Though I grew up primarily in the Midwest, living in Wisconsin for most my life with a detour into Illinois for a few years, I use Middlewest to invoke the idea of the time when the Midwest was the frontier. Like the Midwest in the Little House On The Prairie era, the late ’90s wasn’t the pioneer days of BBS’s and coding new programs out of magazines, but it was wilder than the civilized web of Facebook and smartphones.
It was the days of dial-up and super low-quality audio streams. Chat rooms were where teenagers worried their parents and shared shocking music. I’m fond of relating stories of swapping FTP connections to trade MP3’s in the early days with people you’d meet on a forum. (Don’t ever do that now, ever, for any reason, hell even if you know someone, don’t do it.)
It was a weird era, especially for teenagers. The AOL and Yahoo chat rooms, instant messenger, and a whole host of kingdoms rising and falling in those early dial-up days. We had forums, webrings, webcomics, tailing off through Napster and filing sharing that didn’t immediately turn your computer into a dumpster fire. Well, that last one didn’t hang around too long, as in the wake of the RIAA suing Napster into new definitions of bankruptcy dozens of programs leapt up that were adware disguised as an MP3 delivery method.
I am digitally native enough that I feel at home with technology. I have friends I only know via forums and now social networks. I worked with some of them during my days as a pretend journalist, and others I just got into random conversations with. It used to be a lot more work, but I understand the impulse nonetheless.
It seems almost cliche at this point to blame Twitter and Facebook for the state of the world. After all, they keep enabling all of our worst behaviors. Because as much as you pine for the days of “civil discourse” everyone reading this loves to get into arguments with people and “win.” Even if winning is just getting the other person to stop responding out of exhaustion. (Totally guilty of that one, pointing out the inconsistency of ideologies used to be a hobby of mine.)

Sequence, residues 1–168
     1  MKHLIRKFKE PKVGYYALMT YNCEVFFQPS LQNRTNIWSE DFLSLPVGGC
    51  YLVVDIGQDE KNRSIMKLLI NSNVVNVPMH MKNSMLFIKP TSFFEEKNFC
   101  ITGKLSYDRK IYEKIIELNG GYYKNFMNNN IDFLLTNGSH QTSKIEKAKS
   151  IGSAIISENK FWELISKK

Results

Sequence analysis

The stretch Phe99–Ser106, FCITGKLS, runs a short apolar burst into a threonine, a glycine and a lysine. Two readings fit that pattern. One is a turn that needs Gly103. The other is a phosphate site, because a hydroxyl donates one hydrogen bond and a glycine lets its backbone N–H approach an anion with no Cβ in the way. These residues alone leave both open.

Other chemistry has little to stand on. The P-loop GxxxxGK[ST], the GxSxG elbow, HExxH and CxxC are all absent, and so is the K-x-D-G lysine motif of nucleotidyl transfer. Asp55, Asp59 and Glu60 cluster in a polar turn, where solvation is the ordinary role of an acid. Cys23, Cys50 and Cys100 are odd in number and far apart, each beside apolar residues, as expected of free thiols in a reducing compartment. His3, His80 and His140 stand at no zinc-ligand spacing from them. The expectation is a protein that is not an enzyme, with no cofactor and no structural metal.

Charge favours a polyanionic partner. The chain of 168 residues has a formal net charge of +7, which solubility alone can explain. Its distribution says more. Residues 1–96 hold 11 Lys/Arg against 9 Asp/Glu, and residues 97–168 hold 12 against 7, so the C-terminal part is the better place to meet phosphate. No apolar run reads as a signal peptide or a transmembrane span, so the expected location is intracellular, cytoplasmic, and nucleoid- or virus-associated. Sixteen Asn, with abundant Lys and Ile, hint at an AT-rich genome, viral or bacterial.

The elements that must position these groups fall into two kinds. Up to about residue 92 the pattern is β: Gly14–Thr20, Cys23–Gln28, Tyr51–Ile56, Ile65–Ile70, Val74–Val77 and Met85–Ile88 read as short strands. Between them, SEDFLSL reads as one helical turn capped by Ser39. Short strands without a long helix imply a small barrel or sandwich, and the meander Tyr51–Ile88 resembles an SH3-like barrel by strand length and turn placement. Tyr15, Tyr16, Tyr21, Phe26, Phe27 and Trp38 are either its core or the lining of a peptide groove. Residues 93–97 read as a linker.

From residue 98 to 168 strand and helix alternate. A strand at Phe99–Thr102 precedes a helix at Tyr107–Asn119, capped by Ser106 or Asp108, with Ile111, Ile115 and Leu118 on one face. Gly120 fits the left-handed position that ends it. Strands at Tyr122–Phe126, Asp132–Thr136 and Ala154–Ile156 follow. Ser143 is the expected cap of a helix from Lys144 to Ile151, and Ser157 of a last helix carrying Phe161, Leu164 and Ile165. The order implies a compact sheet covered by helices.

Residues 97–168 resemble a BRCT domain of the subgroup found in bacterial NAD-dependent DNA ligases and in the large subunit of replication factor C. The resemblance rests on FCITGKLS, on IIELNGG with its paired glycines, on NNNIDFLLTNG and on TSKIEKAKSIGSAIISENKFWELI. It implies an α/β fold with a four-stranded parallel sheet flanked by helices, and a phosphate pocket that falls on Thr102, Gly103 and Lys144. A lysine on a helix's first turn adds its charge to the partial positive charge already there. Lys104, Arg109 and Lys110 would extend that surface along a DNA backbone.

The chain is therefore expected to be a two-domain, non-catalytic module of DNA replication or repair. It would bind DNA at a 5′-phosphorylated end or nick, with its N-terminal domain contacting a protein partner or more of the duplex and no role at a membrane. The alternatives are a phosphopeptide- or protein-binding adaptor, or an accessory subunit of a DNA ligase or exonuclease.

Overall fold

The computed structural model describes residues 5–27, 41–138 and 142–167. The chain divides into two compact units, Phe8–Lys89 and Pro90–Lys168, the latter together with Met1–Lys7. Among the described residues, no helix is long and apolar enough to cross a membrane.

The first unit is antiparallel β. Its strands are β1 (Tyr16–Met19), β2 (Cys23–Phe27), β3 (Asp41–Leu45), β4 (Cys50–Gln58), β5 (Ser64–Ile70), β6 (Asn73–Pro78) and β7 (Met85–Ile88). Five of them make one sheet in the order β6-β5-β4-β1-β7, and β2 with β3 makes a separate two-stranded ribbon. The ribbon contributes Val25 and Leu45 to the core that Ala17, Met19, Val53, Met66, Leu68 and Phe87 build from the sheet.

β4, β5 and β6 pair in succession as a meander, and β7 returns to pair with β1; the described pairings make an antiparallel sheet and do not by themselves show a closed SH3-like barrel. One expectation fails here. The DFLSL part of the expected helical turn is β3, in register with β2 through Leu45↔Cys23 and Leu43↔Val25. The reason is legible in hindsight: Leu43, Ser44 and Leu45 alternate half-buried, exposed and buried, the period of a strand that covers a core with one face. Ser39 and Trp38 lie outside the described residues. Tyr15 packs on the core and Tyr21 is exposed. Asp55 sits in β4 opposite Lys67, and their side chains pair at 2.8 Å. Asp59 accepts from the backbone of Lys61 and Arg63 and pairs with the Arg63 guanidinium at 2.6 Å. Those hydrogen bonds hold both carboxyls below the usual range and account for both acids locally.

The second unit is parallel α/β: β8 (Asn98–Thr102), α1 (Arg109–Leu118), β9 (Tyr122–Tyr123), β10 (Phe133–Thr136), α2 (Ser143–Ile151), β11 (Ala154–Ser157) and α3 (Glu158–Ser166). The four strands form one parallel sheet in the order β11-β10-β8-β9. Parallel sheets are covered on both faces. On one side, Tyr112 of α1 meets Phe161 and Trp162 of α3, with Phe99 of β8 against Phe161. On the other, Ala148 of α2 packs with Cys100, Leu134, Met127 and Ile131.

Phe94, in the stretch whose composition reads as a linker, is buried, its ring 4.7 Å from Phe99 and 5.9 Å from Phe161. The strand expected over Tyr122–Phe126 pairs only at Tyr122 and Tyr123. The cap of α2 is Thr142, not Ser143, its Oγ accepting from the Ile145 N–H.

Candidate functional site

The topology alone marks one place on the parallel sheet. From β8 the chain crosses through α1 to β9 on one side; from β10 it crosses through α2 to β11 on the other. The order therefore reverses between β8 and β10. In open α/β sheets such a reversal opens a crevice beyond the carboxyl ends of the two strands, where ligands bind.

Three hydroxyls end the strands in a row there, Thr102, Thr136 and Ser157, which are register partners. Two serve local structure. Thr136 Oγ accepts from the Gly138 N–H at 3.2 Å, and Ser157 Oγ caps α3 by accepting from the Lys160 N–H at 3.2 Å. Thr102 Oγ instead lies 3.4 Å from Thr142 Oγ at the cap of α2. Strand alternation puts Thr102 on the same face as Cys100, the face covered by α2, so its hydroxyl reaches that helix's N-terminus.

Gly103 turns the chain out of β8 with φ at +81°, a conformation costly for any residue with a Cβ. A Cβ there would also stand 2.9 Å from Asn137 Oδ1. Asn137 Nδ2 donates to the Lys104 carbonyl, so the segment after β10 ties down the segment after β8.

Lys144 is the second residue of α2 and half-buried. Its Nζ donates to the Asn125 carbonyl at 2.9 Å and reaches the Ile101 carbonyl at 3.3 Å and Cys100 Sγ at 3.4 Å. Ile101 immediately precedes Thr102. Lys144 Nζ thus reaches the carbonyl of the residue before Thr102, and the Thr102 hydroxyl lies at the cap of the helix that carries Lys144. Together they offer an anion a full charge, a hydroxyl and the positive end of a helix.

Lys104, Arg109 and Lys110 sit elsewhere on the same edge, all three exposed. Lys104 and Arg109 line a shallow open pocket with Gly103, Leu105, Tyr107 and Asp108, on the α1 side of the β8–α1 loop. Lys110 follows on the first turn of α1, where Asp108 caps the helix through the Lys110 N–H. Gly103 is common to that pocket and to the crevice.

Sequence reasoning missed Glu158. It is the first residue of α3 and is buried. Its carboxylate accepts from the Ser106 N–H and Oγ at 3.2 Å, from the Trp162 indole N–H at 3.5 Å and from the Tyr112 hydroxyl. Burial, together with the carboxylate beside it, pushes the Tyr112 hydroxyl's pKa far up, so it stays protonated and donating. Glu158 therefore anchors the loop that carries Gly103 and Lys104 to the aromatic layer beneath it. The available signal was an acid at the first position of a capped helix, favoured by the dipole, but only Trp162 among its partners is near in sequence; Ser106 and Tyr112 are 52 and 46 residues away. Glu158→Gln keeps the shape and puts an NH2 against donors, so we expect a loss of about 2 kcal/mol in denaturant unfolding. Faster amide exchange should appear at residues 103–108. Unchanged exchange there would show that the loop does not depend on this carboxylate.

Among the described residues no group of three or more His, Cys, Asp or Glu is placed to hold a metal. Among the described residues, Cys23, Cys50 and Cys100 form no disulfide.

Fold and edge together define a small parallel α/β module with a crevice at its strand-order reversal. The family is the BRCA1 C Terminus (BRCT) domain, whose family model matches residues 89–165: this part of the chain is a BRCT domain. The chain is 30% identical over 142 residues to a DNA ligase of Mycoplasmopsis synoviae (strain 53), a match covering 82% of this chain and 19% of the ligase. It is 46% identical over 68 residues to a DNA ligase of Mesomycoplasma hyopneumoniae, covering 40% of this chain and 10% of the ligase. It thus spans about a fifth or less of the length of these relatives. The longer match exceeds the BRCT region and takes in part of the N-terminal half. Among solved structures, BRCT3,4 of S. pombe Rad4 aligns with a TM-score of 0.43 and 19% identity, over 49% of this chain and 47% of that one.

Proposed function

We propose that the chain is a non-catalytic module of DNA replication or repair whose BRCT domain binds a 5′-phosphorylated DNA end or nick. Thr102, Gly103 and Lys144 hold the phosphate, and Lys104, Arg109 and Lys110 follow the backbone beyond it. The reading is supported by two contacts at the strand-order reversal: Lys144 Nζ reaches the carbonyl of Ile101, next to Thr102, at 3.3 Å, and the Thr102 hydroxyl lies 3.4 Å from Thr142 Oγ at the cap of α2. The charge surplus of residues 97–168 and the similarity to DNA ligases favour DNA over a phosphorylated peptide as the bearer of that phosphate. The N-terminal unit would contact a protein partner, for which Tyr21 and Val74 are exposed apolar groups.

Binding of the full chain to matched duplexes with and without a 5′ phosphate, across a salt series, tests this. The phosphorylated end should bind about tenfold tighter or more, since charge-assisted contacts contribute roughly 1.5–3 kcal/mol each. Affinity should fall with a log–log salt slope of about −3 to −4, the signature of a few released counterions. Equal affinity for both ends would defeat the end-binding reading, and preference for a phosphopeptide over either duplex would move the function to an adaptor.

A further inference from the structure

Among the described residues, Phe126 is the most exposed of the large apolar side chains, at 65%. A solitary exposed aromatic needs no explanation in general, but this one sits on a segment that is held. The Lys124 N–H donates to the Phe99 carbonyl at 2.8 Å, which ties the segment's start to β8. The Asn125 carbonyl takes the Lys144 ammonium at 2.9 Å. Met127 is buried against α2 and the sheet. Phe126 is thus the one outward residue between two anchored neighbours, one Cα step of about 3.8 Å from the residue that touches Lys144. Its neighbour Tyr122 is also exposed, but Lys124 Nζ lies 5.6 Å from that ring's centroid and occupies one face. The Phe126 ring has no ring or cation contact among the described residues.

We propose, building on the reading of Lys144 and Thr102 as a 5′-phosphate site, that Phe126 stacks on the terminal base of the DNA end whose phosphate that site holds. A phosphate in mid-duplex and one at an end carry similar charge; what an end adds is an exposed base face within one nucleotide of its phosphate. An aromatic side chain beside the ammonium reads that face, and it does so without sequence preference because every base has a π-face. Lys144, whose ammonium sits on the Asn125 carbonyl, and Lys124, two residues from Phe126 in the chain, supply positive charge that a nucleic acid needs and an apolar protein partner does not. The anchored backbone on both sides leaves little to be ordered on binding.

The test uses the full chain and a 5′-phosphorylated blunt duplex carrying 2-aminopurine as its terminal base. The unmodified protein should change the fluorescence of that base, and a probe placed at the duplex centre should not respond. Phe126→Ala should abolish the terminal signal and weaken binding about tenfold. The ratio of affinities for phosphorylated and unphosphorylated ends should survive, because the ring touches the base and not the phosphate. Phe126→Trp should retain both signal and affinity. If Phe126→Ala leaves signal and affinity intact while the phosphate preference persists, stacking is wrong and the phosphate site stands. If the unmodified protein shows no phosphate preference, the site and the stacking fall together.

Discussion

But even that is nothing new. Chat Rooms and IMs were full of dumb arguments and people randomly trying to provoke people. Even the pioneers out there can tell you the Internet was full of assholes when all you had was cathode ray green text and a BBS.
I might not have been on there in those days, but I feel a kinship with the pioneers. I was here when the city had streets, a bit of decorum, but not much else. Now that we live in a town with a lot of rules, and an array of masters, it is a different place online. Culturally speaking, this is the center of the world for now.
The last few years you see even the most ardent citizens of the internet question their own techno-optimism. Making a place full of an anonymous people that can connect all of the lunatics that believe in everything from antivax to the flat earth amplified the idiocy.
We made skinner boxes that fed us our every impulse and was wired to entertain constantly. No one is wired to deal with that much overstimulation, and the entire culture is chasing the dopamine highs of screaming at strangers and loved ones alike. I hang on to the idea that like teenagers learning to drive, civilization will learn to handle talking to everyone all at once.
What that looks like, I don’t know. We’re going to need to be better skeptics, and we’ll need to learn that social networks aren’t the place for reenactments of Home for the Holidays.
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